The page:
Bloated Auto Inventories Deflate Slightly
Due to weakening new-vehicle sales, the United States was staring down the barrel of near-record inventories a couple of months ago. Encouraged by the factory to ensure their lots were filled with the latest wares, dealers have watched their margins evaporate as employees and customers drowned in the sea of metal parked out front.
While still uncomfortably high, U.S. inventories started creeping back down in May. By the end of the month, the number of vehicles waiting to be adopted fell below 4 million for the first time since the beginning of 2019.
Dealers and automakers opened June with an estimated 3,992,100 vehicles at the ready, according to figures compiled by Automotive News. The 65-day supply is reportedly on par with last year’s figures and represent a marked improvement over the 78 days from last April.
From Automotive News:
Automakers and dealers opened June with an estimated 1,022,500 unsold cars, a 59-day supply that represents about 26 percent of total inventory.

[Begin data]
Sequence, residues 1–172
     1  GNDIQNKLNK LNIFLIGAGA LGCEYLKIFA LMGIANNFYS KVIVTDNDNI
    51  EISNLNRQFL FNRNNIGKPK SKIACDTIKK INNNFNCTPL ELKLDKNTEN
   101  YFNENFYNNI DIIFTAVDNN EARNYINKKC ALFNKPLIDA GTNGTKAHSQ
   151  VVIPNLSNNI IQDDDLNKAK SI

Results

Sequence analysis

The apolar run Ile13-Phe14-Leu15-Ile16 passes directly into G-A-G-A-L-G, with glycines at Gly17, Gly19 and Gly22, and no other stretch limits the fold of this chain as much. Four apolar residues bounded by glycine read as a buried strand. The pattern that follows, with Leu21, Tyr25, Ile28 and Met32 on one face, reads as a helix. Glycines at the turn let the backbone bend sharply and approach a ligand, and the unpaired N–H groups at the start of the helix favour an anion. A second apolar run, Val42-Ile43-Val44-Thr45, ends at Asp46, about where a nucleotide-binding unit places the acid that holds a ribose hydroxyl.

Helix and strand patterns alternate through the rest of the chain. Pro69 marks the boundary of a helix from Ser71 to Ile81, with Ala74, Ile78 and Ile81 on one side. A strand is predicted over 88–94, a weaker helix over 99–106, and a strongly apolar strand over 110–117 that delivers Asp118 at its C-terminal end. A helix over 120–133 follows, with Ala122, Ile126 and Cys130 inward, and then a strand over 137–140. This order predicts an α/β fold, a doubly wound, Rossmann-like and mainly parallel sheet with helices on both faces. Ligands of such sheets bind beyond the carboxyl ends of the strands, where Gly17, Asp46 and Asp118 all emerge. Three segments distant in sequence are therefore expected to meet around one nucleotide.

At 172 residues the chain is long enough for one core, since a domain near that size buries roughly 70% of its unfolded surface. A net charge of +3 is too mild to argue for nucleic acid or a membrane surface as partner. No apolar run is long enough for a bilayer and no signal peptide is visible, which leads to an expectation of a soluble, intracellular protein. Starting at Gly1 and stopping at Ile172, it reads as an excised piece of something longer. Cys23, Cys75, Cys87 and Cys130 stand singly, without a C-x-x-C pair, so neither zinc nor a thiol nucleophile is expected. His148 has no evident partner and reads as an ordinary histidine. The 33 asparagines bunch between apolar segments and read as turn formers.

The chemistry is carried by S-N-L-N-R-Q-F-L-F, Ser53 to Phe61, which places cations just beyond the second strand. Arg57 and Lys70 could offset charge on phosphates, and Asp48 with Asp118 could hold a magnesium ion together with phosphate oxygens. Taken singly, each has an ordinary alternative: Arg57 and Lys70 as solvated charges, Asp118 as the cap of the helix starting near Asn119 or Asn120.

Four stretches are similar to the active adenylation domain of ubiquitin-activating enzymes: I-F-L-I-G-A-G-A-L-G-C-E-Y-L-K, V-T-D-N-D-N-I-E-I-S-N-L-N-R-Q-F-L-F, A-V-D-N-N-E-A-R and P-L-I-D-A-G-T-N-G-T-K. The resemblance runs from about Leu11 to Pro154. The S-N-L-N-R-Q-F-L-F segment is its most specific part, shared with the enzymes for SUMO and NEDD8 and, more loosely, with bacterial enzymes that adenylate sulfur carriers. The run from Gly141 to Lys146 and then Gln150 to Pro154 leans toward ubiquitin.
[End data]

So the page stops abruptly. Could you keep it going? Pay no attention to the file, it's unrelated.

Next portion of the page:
No automaker or brand had less than a month’s supply of inventory, with Subaru again running the leanest levels.
Meanwhile, a pair of Fiat Chrysler Automobiles vehicles marked the opposite ends of the inventory spectrum on June 1: Dealers had just a 10-day supply of the Dodge Grand Caravan but an industry-worst 254-day supply of the Fiat 500L.
Despite appearing to have put on its blinker to turn the corner, the U.S. is still coping with sizable inventory bloat. While many are making direct comparisons to the build up of new vehicles that foreshadowed the Great Recession, the reality is that most automakers are doing substantially better at present. Unfortunately, we doubt that has provided much comfort to the dealerships that are taking this on the chin. Lackluster sales, factories shying away from incentives, and rising interest rates aren’t doing them any favors.
[Image: Bell Ka Pang/Shutterstock]
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